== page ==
Good communication between machine operators and the maintenance team is also important. Because the operator is the most familiar with how the machine runs and is there when it is operating, they can more easily spot problems when they are first starting, before they become large issues. Part of this communication should include training operators on what basic maintenance tasks they are responsible for.
Because many operators do perform at least basic maintenance on their machines, it is important that they communicate any unordinary issues to the maintenance team as part of the machine’s history. At SCP, operators are required to report any issues that they see with their machine to the maintenance staff for evaluation. Any parts that get replaced on the machine must also be reported to ensure inventory levels are kept up-to-date.
Maintain Important Inventory
A well stocked shop can keep your maintenance team moving along on essential tasks instead of waiting for parts to arrive.
“We keep many spare parts on hand for each machine to try and limit downtime that can occur when waiting for parts,” said Charlie Luedtke, General Manager at SCP.
If you don’t already have one, consider making a list of what parts you should always have in inventory. This would include anything that is replaced on a regular basis, as well as anything that would take a while to order. If your shop can’t run without it, you need an extra one on hand.
At John Rock, Marrs said that having a number of duplicate machines makes their parts inventory easier as they stock all wear items.
“We stock everything from motors to gear boxes, through all the wear items. Chains, everything on the nailing machines that’s a wear item we stock.”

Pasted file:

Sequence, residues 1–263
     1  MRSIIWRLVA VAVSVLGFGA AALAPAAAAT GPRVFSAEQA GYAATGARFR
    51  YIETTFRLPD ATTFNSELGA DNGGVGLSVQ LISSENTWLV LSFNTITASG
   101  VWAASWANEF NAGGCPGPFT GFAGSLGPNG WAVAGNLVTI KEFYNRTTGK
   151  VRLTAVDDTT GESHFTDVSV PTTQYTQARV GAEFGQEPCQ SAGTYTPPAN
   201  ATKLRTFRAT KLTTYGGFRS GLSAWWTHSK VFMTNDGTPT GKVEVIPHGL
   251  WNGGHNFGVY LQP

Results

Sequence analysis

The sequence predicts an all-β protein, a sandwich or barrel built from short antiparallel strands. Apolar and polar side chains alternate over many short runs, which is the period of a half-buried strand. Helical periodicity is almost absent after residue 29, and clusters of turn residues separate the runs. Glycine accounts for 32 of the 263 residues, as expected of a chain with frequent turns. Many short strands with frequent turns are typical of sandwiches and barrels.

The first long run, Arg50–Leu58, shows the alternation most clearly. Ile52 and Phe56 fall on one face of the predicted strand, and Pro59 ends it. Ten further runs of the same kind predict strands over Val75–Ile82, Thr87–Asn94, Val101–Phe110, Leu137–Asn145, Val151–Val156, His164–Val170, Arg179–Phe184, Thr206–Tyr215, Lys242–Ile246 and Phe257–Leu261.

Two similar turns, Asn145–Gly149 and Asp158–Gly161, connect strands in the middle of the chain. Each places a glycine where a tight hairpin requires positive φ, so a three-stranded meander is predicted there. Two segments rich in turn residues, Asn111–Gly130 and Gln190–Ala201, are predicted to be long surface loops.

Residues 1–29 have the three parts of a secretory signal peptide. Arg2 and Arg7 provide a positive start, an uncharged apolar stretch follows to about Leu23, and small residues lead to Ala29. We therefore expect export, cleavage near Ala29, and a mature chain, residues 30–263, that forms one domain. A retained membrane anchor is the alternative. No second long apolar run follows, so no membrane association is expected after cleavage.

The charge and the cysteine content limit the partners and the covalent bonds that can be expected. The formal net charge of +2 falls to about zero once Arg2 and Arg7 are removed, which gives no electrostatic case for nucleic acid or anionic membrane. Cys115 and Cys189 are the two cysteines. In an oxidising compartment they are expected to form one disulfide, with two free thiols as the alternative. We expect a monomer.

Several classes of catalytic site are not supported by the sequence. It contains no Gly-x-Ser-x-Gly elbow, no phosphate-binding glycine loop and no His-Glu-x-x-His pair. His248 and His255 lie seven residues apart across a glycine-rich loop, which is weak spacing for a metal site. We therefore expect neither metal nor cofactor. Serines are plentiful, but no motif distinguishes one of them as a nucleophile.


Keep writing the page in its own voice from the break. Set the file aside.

Based on years of experience, the John Rock team has learned what parts are necessities.
“We’ve built up a list of ‘have to have’ parts,” Marrs said.
Also, make sure you have a system in place to ensure that whenever one of these parts is used, another is ordered to take its place in inventory.
Consider Unusual Shifts
Instead of having your maintenance personnel all arrive at the same time; consider scheduling them in staggered shifts. At MCWP, three of the five maintenance personnel work the evening shift, allowing members of the maintenance team to be available for a longer period of time each day.
For companies that run multiple production shifts, this may not be as simple. But if you run only one production shift, this would enable some of your maintenance team to easily work on issues, particularly ones that require machines to be down, outside of production hours. At SCP, they often schedule large jobs to occur at night or on weekends so they do not interfere with production schedules.
Ask for Help
Machinery suppliers or manufacturers are also a good resource for maintenance needs, especially those that require more in-depth knowledge of the inner workings of a machine. No one knows a machine better than its manufacturer. If you have any recurring problems or issues your maintenance team needs help troubleshooting, consider contacting the manufacturer or your supplier for a second opinion. According to Doug Gaines, co-owner of MCWP, though almost all of the maintenance is done in-house by their crew, they do consult with all of their manufacturers from time to time. MCWP also works with their suppliers for help with grinding saws, welding and making hydraulic lines.
Prevent, Don’t React
Moving from reactionary maintenance to preventative maintenance is not a quick journey. But the benefits make the journey worthwhile.
“We are changing from reacting to make repairs to more of the preventative side,” said Luedtke. “This saves us downtime in the long run and saves money by catching small issues before they can become major issues.”
A big part of making the transition to a mostly preventative maintenance approach is improved worker training. All workers that come into contact with any machine need to know what issues to be on the lookout for. It is also a good idea to review operator experience and the latest new insights on a particular machine in team meetings.
“Since we’ve gotten a really good check list, I’ve gotten a couple of good maintenance guys that are on top of things and are checking things throughout the day, everyday,” said Marrs. “And the employees running the machinery are conscious of what it should be doing, or not doing, so they bring it to our attention before it’s a catastrophe.”